When I left the media center at the 2018 North American International Auto Show in Detroit, I turned to Steph to say I might write a roundup piece this week, but I wasnâ€™t sure what angle to take. Itâ€™s true this yearâ€™s show was truck-focused, and I wanted to go beyond the obvious theme (which Jack eventually took on here) and see if there was more to the show that was getting lost in the truck madness.
â€œMaybe I will find inspiration on the open road,â€� I joked.
Instead, the â€œopen roadâ€� greeted me with snarled traffic near Detroit and whiteout conditions a couple hours later in Southwest Michigan/Northwest Indiana. So, as I tried to keep a Camry pointed forward and not sideways while surrounded by insane open-road truckers whose response to the weather was to drive even faster, I realized I wasnâ€™t going to come up with some grand, sweeping theme for this yearâ€™s show.
Instead, I have a few random musings compiled below.
Side note: If youâ€™re curious, the Camry acquitted itself well in the white stuff, with the exception of the driver-aid systems â€“ the snow clogged sensors so badly that the dashboard was aflame with all sorts of dire warnings about how these aids were temporarily disabled. More on that below.
Without further ado:
- Outside of trucks trucks trucks, the main theme of the Detroit show was contradiction, especially with Ford. Jim Hackett talked about his GT350 and its loud exhaust at the same presentation in which the company continued to drone on about the future of mobility and the cities of tomorrow. Not only that, but Ford launched a new Bullitt trim for the Mustang shortly before pissing off almost everyone by hinting that a future â€œperformanceâ€� crossover with a battery electric powertrain could use the Mach 1 name, of Mustang fame.
- Shortly afterward, Ford teased the upcoming Shelby GT500, a car thatâ€™s far from a BEV crossover with performance intent. I get that automakers are looking to please both performance enthusiasts as well as future-looking consumers who welcome more electrification (and perhaps more autonomy), but Fordâ€™s mixed messaging gave off the impression that the company does not have a coherent vision for the future. And yes, a coherent vision could include both old-school performance vehicles and electric and/or autonomous vehicles â€“ if articulated correctly. Ford, however, looks like it doesnâ€™t know what it wants to do.
- Speaking of autonomous vehicles, as mentioned above, I experienced some system failures on my drive home thanks to inclement weather. This isnâ€™t to pick on Toyota, since these issues could have happened in any car, but itâ€™s a reminder that thereâ€™s a way to go before this tech is ready for prime time, no matter what PR spin you may hear out of NAIAS.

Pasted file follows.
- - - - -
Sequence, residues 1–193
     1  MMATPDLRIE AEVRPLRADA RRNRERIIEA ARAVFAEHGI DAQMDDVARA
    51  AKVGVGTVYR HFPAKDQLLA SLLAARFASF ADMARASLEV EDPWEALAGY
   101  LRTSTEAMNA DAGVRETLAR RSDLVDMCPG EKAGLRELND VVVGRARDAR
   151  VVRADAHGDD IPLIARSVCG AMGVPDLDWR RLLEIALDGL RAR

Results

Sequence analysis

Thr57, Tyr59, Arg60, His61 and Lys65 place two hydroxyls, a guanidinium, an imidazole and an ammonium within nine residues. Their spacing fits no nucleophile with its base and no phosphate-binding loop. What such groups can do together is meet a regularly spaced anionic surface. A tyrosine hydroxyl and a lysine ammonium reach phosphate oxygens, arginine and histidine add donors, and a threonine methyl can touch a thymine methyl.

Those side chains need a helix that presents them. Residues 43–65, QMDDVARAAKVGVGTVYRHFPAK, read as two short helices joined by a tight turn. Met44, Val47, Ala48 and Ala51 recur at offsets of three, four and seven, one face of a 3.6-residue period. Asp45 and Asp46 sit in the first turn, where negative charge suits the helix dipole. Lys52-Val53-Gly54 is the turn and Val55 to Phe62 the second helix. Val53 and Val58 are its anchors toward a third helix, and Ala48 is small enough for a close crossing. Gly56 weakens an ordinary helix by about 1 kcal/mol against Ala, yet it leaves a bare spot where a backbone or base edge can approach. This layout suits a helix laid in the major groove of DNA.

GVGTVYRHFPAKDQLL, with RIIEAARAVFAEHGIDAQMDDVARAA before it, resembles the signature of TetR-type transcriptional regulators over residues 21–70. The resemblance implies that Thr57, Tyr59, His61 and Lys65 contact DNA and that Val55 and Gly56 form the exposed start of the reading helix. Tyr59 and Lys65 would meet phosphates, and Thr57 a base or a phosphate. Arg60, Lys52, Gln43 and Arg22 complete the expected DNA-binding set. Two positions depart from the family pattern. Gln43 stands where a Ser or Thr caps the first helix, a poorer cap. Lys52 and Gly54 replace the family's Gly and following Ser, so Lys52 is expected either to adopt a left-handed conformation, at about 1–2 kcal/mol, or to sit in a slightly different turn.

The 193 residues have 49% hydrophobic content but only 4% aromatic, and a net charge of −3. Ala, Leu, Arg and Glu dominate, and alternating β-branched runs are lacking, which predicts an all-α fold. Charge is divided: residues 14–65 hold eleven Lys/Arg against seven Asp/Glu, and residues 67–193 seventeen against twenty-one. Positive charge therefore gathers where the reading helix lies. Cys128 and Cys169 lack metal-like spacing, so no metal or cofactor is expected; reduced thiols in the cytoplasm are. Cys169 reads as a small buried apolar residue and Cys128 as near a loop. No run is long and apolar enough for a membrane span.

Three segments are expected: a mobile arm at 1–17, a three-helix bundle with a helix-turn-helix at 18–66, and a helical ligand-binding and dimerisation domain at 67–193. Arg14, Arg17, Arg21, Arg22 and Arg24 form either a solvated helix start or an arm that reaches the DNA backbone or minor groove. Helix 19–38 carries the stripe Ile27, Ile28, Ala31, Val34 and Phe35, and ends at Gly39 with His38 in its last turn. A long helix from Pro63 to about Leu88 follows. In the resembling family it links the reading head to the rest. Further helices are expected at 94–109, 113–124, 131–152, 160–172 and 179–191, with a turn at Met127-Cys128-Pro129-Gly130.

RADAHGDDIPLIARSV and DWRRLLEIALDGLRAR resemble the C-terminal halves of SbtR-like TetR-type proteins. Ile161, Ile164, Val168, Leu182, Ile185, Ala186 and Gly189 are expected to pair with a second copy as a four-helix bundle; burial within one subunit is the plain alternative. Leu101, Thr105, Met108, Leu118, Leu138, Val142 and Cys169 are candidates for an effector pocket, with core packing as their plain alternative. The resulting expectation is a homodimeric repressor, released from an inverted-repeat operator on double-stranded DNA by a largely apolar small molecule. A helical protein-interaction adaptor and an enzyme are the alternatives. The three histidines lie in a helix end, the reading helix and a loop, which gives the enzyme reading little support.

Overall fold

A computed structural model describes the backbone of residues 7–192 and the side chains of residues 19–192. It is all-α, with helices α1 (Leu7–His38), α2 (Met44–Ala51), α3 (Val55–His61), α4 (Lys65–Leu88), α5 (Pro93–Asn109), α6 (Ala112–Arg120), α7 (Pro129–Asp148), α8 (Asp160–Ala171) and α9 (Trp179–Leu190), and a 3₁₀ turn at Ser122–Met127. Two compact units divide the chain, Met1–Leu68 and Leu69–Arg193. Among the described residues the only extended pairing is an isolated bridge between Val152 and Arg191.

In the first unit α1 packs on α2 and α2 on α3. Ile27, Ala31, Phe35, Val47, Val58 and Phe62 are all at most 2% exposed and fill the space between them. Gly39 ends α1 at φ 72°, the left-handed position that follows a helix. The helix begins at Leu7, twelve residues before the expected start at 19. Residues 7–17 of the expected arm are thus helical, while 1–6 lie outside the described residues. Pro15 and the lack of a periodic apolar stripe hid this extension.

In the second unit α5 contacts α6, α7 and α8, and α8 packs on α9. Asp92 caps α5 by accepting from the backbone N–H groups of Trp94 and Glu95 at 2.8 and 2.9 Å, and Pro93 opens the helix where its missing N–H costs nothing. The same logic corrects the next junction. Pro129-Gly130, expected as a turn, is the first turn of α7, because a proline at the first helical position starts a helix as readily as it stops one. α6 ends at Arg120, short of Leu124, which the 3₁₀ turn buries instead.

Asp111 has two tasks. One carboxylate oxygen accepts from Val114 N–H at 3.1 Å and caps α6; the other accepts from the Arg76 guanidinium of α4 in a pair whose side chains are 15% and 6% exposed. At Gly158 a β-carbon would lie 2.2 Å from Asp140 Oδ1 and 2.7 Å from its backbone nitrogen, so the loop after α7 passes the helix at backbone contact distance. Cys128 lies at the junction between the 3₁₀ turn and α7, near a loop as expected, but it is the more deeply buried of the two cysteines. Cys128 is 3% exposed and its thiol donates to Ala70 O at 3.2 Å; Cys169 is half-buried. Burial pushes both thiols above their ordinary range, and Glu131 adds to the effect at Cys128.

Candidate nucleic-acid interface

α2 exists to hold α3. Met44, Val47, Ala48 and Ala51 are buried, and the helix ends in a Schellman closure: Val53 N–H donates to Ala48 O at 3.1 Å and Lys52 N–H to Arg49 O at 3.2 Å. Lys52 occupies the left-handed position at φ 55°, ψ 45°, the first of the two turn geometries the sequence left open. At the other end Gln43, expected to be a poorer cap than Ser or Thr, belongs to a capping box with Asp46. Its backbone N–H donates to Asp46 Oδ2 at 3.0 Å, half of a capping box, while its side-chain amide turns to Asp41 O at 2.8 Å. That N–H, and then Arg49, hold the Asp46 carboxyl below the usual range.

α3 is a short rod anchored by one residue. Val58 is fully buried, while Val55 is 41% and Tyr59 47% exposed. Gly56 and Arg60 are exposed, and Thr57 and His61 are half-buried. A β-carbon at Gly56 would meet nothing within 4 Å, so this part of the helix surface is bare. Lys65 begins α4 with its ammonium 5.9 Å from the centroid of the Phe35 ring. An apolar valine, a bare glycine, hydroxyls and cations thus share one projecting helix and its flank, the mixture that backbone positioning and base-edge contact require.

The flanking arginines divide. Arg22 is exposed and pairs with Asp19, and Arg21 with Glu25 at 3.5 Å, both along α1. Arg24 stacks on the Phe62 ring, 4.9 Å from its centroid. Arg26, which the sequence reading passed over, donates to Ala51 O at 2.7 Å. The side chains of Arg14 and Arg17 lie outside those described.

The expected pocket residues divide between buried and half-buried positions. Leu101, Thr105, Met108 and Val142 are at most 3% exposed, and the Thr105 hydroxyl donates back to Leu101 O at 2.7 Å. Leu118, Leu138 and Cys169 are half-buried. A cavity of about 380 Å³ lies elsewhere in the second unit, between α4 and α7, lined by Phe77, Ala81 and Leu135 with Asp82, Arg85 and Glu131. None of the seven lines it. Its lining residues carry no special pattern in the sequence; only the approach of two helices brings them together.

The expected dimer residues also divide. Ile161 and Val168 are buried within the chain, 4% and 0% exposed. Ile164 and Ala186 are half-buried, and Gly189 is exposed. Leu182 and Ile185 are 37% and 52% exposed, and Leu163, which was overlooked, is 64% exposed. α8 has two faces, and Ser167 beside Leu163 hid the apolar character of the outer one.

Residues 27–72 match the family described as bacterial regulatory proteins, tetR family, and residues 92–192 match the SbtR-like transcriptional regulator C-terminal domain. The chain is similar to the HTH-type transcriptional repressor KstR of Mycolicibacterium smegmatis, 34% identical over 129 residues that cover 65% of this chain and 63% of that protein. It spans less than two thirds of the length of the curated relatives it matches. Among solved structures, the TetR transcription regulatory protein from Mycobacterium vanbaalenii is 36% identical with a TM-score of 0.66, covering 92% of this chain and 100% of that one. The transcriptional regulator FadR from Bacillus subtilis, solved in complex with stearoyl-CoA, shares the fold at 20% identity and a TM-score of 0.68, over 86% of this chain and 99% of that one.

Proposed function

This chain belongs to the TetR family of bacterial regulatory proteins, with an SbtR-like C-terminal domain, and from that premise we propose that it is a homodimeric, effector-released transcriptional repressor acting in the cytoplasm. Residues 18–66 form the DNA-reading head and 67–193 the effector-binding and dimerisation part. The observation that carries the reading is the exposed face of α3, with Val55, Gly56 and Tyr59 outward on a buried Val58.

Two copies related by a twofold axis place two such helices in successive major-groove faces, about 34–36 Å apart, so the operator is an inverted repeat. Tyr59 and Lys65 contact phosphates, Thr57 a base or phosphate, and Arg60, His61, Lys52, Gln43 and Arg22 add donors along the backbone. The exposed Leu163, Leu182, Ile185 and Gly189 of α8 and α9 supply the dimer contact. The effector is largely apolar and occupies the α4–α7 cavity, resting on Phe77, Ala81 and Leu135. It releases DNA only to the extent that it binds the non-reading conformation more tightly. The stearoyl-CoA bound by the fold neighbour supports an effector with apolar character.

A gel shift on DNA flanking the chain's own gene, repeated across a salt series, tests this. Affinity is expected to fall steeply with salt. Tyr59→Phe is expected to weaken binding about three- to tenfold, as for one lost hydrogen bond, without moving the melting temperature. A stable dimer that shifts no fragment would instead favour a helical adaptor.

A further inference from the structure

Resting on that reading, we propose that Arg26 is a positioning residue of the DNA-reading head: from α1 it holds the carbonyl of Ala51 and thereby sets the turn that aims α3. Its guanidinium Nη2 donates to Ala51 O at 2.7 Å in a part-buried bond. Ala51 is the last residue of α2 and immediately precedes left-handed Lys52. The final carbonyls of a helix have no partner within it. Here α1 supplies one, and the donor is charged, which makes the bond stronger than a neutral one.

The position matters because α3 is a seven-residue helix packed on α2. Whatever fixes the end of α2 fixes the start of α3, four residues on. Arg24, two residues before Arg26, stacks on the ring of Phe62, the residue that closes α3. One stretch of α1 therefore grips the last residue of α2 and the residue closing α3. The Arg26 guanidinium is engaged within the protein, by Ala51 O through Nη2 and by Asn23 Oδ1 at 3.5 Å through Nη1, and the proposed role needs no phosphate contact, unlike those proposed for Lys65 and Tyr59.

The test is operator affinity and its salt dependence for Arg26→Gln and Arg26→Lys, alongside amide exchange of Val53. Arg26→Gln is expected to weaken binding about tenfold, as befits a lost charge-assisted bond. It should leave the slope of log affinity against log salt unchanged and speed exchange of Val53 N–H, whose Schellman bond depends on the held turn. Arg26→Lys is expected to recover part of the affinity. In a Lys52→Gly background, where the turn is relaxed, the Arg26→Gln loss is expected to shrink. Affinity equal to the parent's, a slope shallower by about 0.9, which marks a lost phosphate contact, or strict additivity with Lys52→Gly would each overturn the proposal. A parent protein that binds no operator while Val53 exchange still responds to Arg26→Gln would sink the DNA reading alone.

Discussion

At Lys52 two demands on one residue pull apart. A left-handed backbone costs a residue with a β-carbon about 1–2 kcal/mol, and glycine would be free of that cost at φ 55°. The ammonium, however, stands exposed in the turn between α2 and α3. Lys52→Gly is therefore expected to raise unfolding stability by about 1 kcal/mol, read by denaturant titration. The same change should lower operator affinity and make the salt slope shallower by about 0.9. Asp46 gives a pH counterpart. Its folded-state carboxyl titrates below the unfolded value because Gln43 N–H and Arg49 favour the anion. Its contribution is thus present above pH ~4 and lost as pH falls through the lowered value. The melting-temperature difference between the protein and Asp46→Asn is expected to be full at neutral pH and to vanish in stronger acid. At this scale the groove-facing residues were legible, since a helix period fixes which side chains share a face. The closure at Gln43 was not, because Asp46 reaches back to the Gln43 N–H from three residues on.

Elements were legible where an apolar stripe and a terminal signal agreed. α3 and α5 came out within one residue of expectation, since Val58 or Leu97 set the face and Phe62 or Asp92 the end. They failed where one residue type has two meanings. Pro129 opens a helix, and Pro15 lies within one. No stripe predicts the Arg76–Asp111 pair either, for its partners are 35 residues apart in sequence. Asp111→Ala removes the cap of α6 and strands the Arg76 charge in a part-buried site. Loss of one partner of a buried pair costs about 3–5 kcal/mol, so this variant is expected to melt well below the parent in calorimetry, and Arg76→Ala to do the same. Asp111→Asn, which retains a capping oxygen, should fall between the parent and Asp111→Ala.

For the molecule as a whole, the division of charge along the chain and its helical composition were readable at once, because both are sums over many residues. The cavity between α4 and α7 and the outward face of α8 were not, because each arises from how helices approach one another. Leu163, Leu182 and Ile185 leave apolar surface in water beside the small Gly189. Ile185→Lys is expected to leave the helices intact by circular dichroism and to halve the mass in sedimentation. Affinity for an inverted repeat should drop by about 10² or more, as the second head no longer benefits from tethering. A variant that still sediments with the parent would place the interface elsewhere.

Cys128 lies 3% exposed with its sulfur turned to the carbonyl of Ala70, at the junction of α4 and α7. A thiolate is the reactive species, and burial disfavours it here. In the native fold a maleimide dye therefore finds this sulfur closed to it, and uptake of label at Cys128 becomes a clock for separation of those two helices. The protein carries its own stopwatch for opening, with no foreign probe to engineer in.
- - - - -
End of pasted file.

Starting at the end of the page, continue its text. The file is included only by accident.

- I might be insane or have bad eyes, but I detect a hint of current-gen Toyota Tacoma in the new Ford Ranger. Thatâ€™s not a bad thing, and regardless if I am seeing things or not, the new Ranger does look good to my eye.
- Based on everything Iâ€™ve read about it, both in the media proper and on social media, the new Silverado has the most divisive styling of the new crop of pickups. There seems to be no middle ground. For the record, I like it.
- Circling back to the Blue Oval: What the hell is Ford doing with the EcoSport? One model on the show floor had such poorly assembled trim pieces that one of our writers was able to move a piece of trim that should be stationary up and down with ease. It looked and felt cheap, as if Ford was so desperate for a subcompact crossover that it didnâ€™t care to put an effort into improving build quality as it brought the model to the U.S. for the first time. Iâ€™m not someone who subscribes to the (arguably xenophobic) belief that a car built in India canâ€™t be well made, but at first glance, the EcoSport feels so shoddily put together that Iâ€™m already mentally prepping for the first stories about consumer complaints. Regardless of where this thing is built, Ford needs to step up its game.
- On the other hand, I like the limited-edition Mustang Bullitt, but I can bet that unlike the car used in the movie, it’s not something that can be afforded on a â€œdetectiveâ€™s salary.â€� The last time I got bored and built a Mustang GT on Fordâ€™s consumer site it came close to $40K. A quick Google search shows that the average salary for detectives varies from $52K to $75K, depending on the source. Sure, a detective making $75K might have enough cash for a Bullitt depending on his other bills, but the gumshoe making $52K is gonna have to stretch a bit â€“ and thatâ€™s assuming dealers donâ€™t mark this car up, which they will.
- The other car that intrigues me is the Veloster N. Unlike with many performance trims, the performance doo-dads actually make this car look better than the â€œbaseâ€� models. Not to mention that the numbers sound good. If Hyundai prices this right and gets the tuning right, the GTI has a real challenger on its hands â€“ one thatâ€™s not named WRX or Civic Si (neither of which are available as hatchbacks, of course).
- Some things never change: Truck wars are as active as ever. Between Chevrolet taking shots at Ford over diesel power specs, and Ford claiming its four-cylinder Ranger will lose nothing compared to V6 models, the usual, um, â€œcontests of egoâ€� remain. The average car buyer doesnâ€™t care, of course, but truck guys now have new fodder for Internet flame wars.
The Detroit auto show is always interesting, and this year was no exception, even if it was a little strange. Chicago follows less than a month from now, and New York not quite two months after that â€“ we shall see what weirdness may follow.
[Images Â© 2018 Bozi Tatarevic/TTAC, Ford, TTAC staff]